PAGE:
“You have a job, maybe you have kids, so you have to find childcare,” Lichtenfels said. “Maybe you don’t have a big car, maybe you don’t have a car. Or maybe the roads are closed.”
Casper, with a population of about 59,000, is a three- or four-hour drive from the nearest clinics north or south: one in Billings, Montana, and another in Fort Collins, Colorado. It is also relatively close to the regions of the surrounding states without abortion services.
Some people in western South Dakota are now seeking an abortion drive for five hours to a clinic in Montana or Colorado. If they stay in South Dakota, they will have to travel four hours to Sioux Falls, where they will face a three-day wait. When organizers began planning the clinic, Wyoming had fewer restrictions on abortion than many other Republican-controlled states.
Wyoming supports abortion until viability (about 24 weeks) and has not banned telemedicine abortions. It does not require a mandatory waiting period, does not require doctors to read accurate information to patients, and does not require patients to see an ultrasound. However, the state remained without an abortion service.
Then, in March, Wyoming became the 13th state to pass a “trigger law.” The law would outlaw abortions five days later Roe v. Wade it is reversed, with few exceptions, during pregnancies that involve rape, incest, or risk to the mother’s life.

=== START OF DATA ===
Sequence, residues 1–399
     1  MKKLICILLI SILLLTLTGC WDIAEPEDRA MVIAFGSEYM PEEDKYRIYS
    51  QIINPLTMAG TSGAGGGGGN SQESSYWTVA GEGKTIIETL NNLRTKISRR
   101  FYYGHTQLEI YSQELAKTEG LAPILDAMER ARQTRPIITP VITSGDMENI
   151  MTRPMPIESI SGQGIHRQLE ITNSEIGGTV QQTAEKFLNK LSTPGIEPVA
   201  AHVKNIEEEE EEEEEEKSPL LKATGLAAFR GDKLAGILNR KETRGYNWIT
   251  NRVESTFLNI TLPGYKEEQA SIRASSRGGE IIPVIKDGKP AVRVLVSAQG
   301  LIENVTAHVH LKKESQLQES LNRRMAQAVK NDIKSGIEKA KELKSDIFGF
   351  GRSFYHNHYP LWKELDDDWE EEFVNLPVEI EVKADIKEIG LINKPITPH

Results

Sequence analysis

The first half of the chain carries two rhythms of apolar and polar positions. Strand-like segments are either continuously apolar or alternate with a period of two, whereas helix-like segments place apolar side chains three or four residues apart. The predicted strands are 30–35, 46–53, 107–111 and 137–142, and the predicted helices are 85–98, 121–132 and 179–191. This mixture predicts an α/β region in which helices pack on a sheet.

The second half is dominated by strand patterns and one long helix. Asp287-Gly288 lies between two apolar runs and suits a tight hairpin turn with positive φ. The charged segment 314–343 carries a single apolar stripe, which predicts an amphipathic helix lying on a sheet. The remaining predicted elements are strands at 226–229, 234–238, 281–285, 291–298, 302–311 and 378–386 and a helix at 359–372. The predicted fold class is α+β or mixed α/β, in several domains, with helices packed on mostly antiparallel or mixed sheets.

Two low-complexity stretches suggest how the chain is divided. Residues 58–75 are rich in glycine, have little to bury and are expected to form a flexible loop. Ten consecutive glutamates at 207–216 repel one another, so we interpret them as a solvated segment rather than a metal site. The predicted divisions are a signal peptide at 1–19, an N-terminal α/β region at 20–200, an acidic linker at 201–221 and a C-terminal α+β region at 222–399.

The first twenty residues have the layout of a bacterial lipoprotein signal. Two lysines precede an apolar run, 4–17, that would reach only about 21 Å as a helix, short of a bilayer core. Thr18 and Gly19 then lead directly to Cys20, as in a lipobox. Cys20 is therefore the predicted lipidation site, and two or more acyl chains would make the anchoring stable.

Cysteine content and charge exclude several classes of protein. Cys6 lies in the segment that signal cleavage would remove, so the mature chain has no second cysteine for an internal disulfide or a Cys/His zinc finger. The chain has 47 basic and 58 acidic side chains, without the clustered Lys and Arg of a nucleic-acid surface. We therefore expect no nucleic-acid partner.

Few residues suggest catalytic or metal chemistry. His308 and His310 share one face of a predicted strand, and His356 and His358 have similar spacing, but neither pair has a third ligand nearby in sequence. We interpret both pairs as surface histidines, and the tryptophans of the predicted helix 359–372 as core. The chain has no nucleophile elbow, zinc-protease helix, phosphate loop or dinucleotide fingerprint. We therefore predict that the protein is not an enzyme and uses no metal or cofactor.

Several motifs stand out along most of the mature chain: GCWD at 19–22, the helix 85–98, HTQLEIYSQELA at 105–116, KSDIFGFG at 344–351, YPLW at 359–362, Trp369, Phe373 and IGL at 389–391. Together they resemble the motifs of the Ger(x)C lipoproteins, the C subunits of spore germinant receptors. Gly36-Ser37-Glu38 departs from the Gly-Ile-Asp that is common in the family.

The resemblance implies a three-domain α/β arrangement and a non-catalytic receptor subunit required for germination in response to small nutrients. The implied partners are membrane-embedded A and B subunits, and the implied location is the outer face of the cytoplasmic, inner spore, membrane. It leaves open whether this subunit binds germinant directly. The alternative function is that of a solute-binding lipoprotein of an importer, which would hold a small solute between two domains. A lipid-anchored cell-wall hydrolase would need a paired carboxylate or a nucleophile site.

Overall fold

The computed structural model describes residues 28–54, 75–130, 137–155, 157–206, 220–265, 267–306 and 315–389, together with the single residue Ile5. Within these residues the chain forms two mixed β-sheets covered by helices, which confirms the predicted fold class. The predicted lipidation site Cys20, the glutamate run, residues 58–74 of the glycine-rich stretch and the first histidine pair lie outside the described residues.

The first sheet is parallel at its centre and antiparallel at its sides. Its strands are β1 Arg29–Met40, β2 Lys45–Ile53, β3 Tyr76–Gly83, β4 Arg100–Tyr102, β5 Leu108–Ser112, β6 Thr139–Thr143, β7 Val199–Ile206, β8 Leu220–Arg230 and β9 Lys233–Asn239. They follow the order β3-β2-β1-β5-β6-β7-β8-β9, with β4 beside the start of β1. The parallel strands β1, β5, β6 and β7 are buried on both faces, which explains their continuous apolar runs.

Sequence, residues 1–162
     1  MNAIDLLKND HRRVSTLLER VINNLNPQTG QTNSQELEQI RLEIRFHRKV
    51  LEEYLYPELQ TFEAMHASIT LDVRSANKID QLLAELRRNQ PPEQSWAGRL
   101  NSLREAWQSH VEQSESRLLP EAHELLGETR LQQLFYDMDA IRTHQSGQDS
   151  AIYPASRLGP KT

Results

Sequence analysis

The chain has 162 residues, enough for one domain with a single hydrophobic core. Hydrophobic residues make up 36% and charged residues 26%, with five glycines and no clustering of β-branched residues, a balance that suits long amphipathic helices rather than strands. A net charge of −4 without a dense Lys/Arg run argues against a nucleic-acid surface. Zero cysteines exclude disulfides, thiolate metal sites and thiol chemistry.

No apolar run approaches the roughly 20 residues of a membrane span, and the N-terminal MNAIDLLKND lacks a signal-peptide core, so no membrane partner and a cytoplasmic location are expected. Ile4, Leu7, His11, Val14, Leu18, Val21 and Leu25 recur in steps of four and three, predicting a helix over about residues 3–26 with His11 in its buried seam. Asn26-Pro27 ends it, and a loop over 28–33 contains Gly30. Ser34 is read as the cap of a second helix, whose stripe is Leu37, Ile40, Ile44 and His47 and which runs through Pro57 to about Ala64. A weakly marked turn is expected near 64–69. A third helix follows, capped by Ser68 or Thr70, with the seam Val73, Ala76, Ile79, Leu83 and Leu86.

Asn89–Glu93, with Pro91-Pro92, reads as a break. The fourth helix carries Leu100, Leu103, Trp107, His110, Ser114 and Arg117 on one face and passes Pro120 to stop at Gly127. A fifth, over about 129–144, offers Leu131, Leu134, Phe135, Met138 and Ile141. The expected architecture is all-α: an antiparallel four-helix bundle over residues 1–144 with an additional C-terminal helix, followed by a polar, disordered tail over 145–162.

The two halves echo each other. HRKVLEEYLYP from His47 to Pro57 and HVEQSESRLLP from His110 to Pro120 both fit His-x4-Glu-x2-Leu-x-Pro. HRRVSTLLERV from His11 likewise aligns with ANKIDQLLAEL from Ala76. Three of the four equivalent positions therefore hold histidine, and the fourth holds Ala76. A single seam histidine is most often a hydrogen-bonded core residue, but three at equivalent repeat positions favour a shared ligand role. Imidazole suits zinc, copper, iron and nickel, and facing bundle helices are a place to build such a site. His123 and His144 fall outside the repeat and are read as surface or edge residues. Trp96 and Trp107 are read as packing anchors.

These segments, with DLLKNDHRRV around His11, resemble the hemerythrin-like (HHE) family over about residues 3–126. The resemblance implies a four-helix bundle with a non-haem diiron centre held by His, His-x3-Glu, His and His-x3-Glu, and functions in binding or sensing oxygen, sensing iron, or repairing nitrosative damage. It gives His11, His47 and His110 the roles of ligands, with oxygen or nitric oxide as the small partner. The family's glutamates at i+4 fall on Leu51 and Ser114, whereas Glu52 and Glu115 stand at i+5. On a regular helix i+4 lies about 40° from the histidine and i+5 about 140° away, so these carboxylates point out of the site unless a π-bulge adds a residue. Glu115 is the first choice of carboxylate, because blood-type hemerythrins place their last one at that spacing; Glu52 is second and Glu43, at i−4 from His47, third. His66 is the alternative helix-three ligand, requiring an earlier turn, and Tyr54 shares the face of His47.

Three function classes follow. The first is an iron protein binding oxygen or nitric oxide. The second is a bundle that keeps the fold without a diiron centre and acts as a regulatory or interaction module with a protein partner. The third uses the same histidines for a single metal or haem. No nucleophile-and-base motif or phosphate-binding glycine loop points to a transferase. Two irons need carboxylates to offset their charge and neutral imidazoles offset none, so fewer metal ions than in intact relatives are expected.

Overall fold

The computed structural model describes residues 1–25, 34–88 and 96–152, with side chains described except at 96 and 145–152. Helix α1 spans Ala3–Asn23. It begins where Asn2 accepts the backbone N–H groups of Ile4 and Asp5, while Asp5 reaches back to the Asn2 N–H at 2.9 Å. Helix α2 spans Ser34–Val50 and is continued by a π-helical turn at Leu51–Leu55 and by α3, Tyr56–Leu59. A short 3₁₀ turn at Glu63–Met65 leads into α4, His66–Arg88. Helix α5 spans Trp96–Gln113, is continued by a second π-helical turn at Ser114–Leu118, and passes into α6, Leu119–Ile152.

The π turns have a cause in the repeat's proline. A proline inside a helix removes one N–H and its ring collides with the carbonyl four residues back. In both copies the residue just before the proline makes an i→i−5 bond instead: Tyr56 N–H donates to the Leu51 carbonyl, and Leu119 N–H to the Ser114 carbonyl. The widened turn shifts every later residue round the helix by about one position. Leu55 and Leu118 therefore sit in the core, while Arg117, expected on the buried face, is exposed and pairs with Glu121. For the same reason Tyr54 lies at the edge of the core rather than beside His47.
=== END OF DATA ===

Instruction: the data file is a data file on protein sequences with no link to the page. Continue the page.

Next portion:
Similar laws are found in the books of Idaho, North Dakota, South Dakota, and Utah. Political observers expect Montana and Nebraska lawmakers to also comply with the abortion ban. This means that many women and other pregnant women who want to have an abortion in this region would have to fly to other countries or drive to other states. Roe v. Wade it flips.
Whatever the U.S. Supreme Court decides, both sides say the public debate will continue in Wyoming.
Burkhart said legal challenges could slow the Wyoming start-up law. Although the state outlaws abortion, it expects the clinic to remain open to offer its other services such as gynecology, sexually transmitted infection testing, family planning, and gender confirmation care for LGBTQ + patients.
Wellspring Health Access also hopes to explore ways to help people in abortion states find services in neighboring states, including opening clinics near state borders or bringing mobile clinics or telemedicine services to those areas.
Burkhart said it is also possible to bring mobile clinics to states that have a ban on abortion to monitor, prepare and enroll people for out-of-state appointments.
Local anti-abortion activists say that although Wyoming has banned abortion, their campaign will not end. Bob Brechtel is a former Republican state lawmaker who helps organize a weekly prayer vigil outside the Casper Clinic.
“The rule of law is important, but more importantly, we have people who support and understand our goal of defending human life at every stage,” he said.
KHN (Kaiser Health News) is a national newsroom that produces in-depth journalism on health issues. The editor program is an independent agent Kaiser Family Foundation.